Marketers possess a toolkit of old and new tactics for achieving marketing objectives, typically aimed at raising awareness and stunting competition. Some tactics are more common and effective than others, however ambush marketing is often left at the bottom of the tool bag, disregarded. It’s typically explicit in attacking rivals and can be relatively low cost – so in a fiercely competitive era for businesses, why don’t marketers working within a budget have the grit to use it and what happens when they do?
Ambush marketing for those unaware is a method of delivering marketing communications to target consumers, which directly attacks, disrupts or ‘piggybacks’ the marketing activities of competitors – ultimately stealing the spotlight (Nufer, 2013).
Event organisers are often the party who have to pay the price for these types of campaign as they are pressured to protect official sponsors who they often rely on financially.
World Cup 2010 – Dutch Brewery, Bavaria
The first ambush marketing campaign I ever came across was in a university lecture: The World Cup 2010 Dutch Beer stunt which led to the arrest of two female organisers, who were later fined. The Dutch Brewery; Bavaria, decided to ambush the marketing activities of the official FIFA World Cup Beer; Budweiser, by organising for a group of attractive females wearing their bright, branded dresses to celebrate during the game and attract the spotlight, including television coverage (Guardian, 2010). The total investment of this campaign, even with the penalty charges is significantly less than what Budweiser would have paid to be the official FIFA drinks partner and I’m sure the Bavaria girls were more eye-catching and memorable than a beer cup ‘sponsored by Budweiser’ logo. Great work, but let’s take a look at some other ambush marketing stunts…
Fiat ambush Volkswagen on Google Maps
Another great example of ambush marketing is by Fiat and was a stroke of impulsive genius. Over the last decade, Google dispatched cars worldwide to photograph and index every road and street in the world to create Google Maps, not dissimilarly to how they crawl the corners of internet and document everything in their path. Fiat caught wind of this in Sweden, and set out on their own cunning ambush plan – park a Fiat 500 outside the Volkswagen HQ before the Google car drives past (Minato, 2012). If guerrilla marketing and search engine optimisation had a baby, I think this practical joke would be it.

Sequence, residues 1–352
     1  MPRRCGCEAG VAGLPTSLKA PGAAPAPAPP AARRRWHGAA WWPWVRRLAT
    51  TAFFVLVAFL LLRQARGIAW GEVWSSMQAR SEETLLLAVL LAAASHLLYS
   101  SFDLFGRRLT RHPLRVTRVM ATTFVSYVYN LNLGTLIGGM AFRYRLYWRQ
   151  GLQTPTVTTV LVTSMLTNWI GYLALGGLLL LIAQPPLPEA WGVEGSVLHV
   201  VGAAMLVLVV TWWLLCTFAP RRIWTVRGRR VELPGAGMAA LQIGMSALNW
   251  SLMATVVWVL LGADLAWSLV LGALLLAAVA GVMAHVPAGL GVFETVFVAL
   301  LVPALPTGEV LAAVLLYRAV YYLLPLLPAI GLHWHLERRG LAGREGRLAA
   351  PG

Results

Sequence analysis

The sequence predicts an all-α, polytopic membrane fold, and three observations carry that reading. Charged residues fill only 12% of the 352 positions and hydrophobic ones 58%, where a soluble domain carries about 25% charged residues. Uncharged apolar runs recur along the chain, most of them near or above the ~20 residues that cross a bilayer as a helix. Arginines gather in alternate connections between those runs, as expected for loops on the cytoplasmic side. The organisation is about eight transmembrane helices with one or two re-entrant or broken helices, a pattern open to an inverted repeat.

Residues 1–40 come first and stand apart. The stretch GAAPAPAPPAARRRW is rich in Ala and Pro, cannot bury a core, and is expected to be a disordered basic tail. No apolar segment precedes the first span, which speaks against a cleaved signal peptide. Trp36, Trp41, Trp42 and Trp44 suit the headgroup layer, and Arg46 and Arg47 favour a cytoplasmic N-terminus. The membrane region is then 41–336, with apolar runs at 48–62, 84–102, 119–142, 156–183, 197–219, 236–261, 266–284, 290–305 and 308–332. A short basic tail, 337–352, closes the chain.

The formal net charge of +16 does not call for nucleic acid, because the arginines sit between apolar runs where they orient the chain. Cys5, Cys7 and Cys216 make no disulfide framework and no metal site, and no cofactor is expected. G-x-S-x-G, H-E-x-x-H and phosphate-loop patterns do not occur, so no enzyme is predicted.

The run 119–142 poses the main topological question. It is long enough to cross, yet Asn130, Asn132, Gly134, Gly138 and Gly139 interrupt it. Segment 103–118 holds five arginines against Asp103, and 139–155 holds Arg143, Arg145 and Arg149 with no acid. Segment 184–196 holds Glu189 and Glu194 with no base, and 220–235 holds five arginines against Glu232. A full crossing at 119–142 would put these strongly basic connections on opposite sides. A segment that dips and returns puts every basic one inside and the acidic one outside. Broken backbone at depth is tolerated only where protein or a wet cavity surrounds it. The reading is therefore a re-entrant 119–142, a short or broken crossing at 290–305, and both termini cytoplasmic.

Unfortunately for us readers, Google have since re-written their maps and the Fiat is no longer sabotaging Volkswagen, however if you’re slightly sinister like me, you’ll take pleasure in knowing that Fiat digitally squatted in this parking space for several years.
As you may have noticed, this form of guerrilla marketing is typically controversial, cunning and cheeky since it’s concern for abiding the law is questionable. It can be viewed as disrespectful and distasteful foul play by professionals who orchestrate a significant marketing budget or competitors who have made significant financial investments. However, one thing marketers should respect about these campaigns is the frugality and simplicity of these marketing activities at increasing brand awareness, whilst typically saving cost.
The impact of ambush marketing on sports events
The 2018 World Cup’s global stage was a prime target for marketers because “consumers love events, corporations love consumers…” says Alessandro (1993, quoted in Nufer, 2013, p.2) however ambush marketing has become a recognised concern for sporting events and it is even more stringent and less straight-forward than ever before. Legal limitations and restrictions from the Advertising Standards Authority (ASA) have tightened, making it increasingly difficult to ambush and de-value official sports sponsors.